A jewel of nature

Bog: Denied a Rural Legacy grant, supporters of Magothy River Greenway say they'll keep fighting to preserve nearly 1,000 acres of forests and wetlands.

October 12, 1999|By Jackie Powder | Jackie Powder,SUN STAFF

Environmentalist Melvin Bender gazes out over North Gray's Bog as if he's looking for something.

"At any moment you expect to see a dinosaur's head coming out; it looks primeval," says Bender, peering across the still water topped with a layer of floating water lilies.

This pristine setting exists a few miles from the bustle of Pasadena's Mountain Road corridor, where commuters, businesses and housing developments make suburbia hum. It's a quiet, green world with thousands of forested acres, fragile bogs and unspoiled waterfront.

Bender is president of Magothy River Land Trust, a nonprofit, volunteer group that is working to save nearly 1,000 acres of this undeveloped land -- and North Gray's Bog -- along the north shore of the Magothy River. Members were dealt a setback last week when they learned that their proposal to create a greenway failed to win a share of the $25 million in state funds handed out as part of the Rural Legacy program.

The highly competitive, 2-year-old initiative is an effort to preserve environmentally sensitive properties across the state. In their first try for a Rural Legacy grant, Magothy River Greenway supporters had applied for $7.6 million to purchase a swath of contiguous land in the river's watershed.

In its rejection of the greenway, the Rural Legacy board expressed concern that more than half of the peninsula is developed and that land values are extremely high. "It would take a large amount of Rural Legacy funds," the board wrote.

Although they lost out on Rural Legacy money, the volunteer preservationists are undeterred and have vowed to continue their efforts.

"Of course we're disappointed, but it's not the end of it," said Bender, who noted that North Gray's Bog is at particular risk because of development pressures. "Saving the bog, saving the Magothy River, means saving the Chesapeake Bay, which is important to all of us. It's all connective tissue."

The idea of a Magothy River Greenway began taking shape about a year ago when Bender's group teamed with the Mountain Road Peninsula Preservation Committee. Supporters hope to buy about 1,000 acres to create a buffer between the heavily developed western half of the Mountain Road corridor -- defined by crowded schools and congested roads -- and the largely unspoiled eastern half. Also targeted for preservation is Dobbins Island, a 5-acre island near the river's mouth.

"Fifty percent of the peninsula has been developed, but don't kill it, don't beat it to death," said James Bilenki, co-chairman of the Mountain Road Peninsula Preservation Committee. "Then you wind up with a Glen Burnie or a Curtis Bay."

Critical to the project is the acquisition of a 675-acre wooded parcel called the Looper property off Mountain Road at North Shore Road and 50 acres off Hickory Point Road that contains four bogs. The largest, North Gray's, is home to several rare plant species.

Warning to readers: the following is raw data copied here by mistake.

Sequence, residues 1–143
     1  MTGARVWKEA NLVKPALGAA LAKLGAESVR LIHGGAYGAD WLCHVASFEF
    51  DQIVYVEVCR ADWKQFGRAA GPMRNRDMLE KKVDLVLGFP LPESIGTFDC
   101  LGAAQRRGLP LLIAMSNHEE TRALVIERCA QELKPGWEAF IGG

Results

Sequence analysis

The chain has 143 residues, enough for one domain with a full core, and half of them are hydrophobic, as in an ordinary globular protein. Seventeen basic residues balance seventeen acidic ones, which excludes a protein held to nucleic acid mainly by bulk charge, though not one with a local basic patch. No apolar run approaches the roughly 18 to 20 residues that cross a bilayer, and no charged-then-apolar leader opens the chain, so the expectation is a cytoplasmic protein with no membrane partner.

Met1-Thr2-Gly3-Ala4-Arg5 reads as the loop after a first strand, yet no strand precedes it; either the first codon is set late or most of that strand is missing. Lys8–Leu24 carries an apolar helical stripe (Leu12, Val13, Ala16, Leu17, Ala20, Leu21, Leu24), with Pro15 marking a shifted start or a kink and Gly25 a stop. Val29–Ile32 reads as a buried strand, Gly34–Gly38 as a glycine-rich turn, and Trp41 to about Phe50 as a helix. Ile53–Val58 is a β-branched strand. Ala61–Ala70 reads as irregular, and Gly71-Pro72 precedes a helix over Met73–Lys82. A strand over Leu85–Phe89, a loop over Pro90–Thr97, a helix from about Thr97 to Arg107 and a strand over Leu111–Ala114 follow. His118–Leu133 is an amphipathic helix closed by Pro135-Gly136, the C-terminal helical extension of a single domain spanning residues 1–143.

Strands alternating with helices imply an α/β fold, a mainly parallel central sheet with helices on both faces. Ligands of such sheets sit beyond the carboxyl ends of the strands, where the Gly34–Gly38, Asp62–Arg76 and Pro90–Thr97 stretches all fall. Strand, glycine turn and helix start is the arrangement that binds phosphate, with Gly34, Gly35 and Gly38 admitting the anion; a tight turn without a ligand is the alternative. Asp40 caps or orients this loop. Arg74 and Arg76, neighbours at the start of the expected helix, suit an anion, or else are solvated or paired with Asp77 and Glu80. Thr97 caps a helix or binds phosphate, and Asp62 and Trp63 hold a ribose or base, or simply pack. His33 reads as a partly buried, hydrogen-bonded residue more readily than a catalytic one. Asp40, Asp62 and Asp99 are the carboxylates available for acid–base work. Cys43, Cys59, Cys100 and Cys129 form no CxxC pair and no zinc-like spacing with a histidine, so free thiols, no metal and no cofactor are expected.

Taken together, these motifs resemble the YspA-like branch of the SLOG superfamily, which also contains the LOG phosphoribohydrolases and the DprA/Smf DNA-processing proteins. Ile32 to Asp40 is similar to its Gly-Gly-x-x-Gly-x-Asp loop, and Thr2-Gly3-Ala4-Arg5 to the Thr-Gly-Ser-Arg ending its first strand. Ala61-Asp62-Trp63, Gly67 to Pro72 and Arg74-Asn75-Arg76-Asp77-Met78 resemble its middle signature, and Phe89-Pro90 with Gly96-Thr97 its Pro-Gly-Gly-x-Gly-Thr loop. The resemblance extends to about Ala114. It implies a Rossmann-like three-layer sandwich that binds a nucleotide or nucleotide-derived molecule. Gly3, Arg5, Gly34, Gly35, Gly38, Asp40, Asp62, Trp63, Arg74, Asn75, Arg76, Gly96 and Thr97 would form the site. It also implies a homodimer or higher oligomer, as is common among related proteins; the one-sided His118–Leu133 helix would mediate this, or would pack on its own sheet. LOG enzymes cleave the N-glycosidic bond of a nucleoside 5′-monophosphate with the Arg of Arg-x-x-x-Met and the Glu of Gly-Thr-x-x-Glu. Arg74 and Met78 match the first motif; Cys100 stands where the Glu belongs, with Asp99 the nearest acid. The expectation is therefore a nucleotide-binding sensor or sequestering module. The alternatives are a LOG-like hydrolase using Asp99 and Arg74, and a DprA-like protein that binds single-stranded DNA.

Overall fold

"That bog is a very unique habitat, and there's not that many of them left," said Rich Mason, a biologist with the U.S. Fish and Wildlife Service who helped greenway supporters with their grant application. He said many of the state's bogs have been drained or filled in.

Bogs are acidic wetlands that provide habitats where only a few plant species can survive, including coast sedge, cranberries, leatherleaf, white beak rush and giant cane, Maryland's only native bamboo species.

"These systems are the kidneys of the Chesapeake Bay," said Keith Underwood, a bog-loving naturalist from Epping Forest. "They provide the only opportunity to cleanse the water before it goes to the tidal waters of the bay."

Underwood, who also served as an adviser on the greenway application, sharply criticized the Rural Legacy board for not funding the project.

"Not only are they valuable from an aesthetic perspective, but they are virtually unstudied by science and host the highest potential of any ecosystem in the continental United States to provide new pharmaceuticals," Underwood said. The plant Hypericum is found in North Gray's Bog, he said. It's also known as St. Johnswort and is widely used as a natural treatment for depression.

"It is ludicrous that we're not purchasing those properties with whatever funds are available," Underwood said.

The Rural Legacy board awarded $1.2 million to the other Anne Arundel project in competition for funds. Its goal is to preserve 9,000 acres of farmland in the southern county's core agricultural area. The land is dotted with rural villages and historic sites.

Had the Rural Legacy money come through, greenway organizers said, a top priority would have been the purchase of a 23-acre tract northeast of North Gray's Bog slated for an 18-home development. Environmentalists say that the project would destroy the bog's sensitive ecosystem with unfiltered runoff.

The land acquisition has a greater urgency because the latest building moratorium on the Mountain Road corridor -- in effect since January -- was lifted last month.

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